This report focuses on:

  • The absence of a compulsory and organised curriculum of peace education within UK schools.
  • The increased promotion of the military within the educational system by the Government and by the armed forces.
  • Concerns regarding this activity taking place within education, including the process of recruitment to the armed forces.
04/11/2015 recent article

Government figures indicate that, since the Military Ethos in schools projects were announced in 2012, £45.185million of new funding has been awarded to them. Most of this new funding comes from the Department for Education. A further £50million was pledged by the Chancellor of the Exchequer in the July 2015 budget for expanding cadet units in schools to 2020.

30/09/2015 ForcesWatch comment

Our reaction to today's Welsh Assembly debate on armed forces visits to schools in Wales, which represents a major step forward in the scrutiny of the ethics of the military's engagement with the education system.

23/09/2015 press release

The Welsh Government has been praised by ForcesWatch over a “groundbreaking” decision to support in principle more research into how the armed forces operate in secondary schools in Wales.

21/08/2015

This briefing is a response to the 2012-13 Welsh Assembly Petitions Committee’s investigation into UK armed forces ‘recruitment’ in schools in Wales, following the petition Stop the Army Recruiting in Schools (P-04-432) submitted by the Fellowship of Reconciliation Wales. The Petition Committee’s final report on their consideration of the petition was published in June 2015.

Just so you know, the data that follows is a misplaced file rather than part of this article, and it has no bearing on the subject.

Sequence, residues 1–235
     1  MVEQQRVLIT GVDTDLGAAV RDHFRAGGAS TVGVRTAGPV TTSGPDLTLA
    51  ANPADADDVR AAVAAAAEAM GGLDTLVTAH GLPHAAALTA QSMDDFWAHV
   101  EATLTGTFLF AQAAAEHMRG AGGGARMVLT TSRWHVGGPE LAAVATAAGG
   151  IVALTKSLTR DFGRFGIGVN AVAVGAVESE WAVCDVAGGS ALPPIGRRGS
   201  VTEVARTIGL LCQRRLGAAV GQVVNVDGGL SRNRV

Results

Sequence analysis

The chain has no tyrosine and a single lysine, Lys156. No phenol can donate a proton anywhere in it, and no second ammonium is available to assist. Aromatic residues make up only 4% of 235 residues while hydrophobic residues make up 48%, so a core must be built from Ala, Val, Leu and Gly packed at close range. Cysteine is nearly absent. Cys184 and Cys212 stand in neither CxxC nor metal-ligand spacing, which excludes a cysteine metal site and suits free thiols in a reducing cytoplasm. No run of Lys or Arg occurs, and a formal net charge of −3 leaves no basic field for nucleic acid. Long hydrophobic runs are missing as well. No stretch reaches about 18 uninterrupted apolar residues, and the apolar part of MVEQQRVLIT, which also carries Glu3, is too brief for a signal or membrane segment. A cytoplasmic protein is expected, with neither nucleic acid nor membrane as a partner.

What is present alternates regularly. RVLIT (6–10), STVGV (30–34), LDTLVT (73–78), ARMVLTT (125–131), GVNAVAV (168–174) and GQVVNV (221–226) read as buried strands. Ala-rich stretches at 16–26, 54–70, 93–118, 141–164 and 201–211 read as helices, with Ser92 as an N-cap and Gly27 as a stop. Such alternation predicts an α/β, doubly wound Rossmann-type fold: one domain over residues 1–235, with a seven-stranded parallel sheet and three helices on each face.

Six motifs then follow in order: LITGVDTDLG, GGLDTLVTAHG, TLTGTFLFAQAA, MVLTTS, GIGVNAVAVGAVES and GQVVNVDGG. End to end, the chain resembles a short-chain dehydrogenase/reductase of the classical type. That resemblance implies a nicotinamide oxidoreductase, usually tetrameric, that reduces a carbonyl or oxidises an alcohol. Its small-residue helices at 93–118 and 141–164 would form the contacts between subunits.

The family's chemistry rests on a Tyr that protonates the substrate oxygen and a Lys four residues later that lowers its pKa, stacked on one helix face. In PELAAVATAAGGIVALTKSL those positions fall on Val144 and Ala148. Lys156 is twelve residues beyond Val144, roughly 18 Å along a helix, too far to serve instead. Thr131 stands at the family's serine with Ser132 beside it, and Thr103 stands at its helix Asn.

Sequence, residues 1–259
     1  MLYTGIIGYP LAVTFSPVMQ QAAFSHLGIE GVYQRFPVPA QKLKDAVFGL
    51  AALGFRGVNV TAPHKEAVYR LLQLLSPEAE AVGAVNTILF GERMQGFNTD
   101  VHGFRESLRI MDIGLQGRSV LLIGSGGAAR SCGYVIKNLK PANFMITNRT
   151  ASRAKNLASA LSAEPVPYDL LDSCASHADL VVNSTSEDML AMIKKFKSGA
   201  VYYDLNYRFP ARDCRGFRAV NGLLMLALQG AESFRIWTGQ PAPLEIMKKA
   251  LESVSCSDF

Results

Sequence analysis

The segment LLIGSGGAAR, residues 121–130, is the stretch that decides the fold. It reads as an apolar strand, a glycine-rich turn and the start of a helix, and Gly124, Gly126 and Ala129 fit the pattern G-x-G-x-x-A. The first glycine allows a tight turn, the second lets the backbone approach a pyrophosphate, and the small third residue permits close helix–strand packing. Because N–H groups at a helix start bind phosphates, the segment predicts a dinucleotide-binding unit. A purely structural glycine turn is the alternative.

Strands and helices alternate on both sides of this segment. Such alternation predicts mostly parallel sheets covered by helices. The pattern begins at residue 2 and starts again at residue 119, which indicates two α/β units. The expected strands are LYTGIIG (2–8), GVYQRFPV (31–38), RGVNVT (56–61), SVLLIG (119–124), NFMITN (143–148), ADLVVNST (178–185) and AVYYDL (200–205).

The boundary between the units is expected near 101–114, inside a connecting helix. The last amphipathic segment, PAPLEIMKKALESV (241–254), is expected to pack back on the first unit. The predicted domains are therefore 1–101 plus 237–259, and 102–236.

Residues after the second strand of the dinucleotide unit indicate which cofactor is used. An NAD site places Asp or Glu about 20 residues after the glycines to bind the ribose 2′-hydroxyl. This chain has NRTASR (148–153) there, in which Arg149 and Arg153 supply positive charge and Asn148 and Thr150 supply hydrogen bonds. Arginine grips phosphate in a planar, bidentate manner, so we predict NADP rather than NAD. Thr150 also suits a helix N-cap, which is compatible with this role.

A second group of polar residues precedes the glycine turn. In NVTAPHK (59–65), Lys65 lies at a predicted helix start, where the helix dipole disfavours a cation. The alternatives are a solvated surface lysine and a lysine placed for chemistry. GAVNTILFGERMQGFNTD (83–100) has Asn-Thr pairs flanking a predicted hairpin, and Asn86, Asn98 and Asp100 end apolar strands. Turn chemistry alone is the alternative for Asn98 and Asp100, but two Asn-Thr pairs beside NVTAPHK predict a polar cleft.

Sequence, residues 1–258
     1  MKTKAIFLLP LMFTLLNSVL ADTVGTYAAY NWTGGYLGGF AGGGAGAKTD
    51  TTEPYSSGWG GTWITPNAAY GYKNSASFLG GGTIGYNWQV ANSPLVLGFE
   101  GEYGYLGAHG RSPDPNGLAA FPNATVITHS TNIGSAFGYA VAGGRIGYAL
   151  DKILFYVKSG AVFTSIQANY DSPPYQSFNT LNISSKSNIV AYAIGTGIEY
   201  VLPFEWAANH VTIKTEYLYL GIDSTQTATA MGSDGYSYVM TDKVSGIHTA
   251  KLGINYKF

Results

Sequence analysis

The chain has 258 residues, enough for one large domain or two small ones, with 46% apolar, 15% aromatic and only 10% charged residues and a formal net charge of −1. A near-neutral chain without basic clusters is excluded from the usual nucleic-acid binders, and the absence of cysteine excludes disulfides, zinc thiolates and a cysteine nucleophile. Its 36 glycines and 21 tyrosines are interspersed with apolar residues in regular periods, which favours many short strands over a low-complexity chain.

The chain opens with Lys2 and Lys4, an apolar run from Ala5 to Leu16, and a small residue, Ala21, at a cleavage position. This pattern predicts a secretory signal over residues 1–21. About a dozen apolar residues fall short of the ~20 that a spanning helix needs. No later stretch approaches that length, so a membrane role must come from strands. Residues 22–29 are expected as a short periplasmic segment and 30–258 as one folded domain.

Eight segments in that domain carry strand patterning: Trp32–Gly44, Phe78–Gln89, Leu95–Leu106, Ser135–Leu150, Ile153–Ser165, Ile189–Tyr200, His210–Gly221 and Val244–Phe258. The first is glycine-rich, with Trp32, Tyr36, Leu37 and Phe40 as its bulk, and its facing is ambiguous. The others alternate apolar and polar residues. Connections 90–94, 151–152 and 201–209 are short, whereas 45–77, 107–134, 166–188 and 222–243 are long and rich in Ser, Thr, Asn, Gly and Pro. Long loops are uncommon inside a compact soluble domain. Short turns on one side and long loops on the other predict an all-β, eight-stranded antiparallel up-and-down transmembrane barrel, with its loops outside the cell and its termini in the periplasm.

This briefing supports the Petition Committee’s recommendations to the Welsh Government by presentingthe key evidence that armed forces visits to secondary schools in Wales:

  • are disproportionately high to schools in more disadvantaged areas;
  • do not present a balanced view of the armed forces;
  • and, are more numerous and more career-focused than visits by most other employers(particularly the emergency services).

This briefing also presents evidence that:

  • armed forces visits to schools are motivated by an agenda of engaging students in a long-termrecruitment process;
  • quality and transparency of armed forces record-keeping makes a full study of the extent of visitsto schools problematic.
30/06/2015 ForcesWatch comment

Following our recent piece on the news story that the Ministry of Defence requested access (which the Department for Education rejected) to the database of sensitive data of school students in England, to help the Army better target its recruitment practice, it has emerged that the Army - in collaboration with Royal Holloway College and the mobile phone app specialists DotNet - was specifically seeking to match individuals’ data with specific Army jobs, with a mobile phone app an apparent intended output.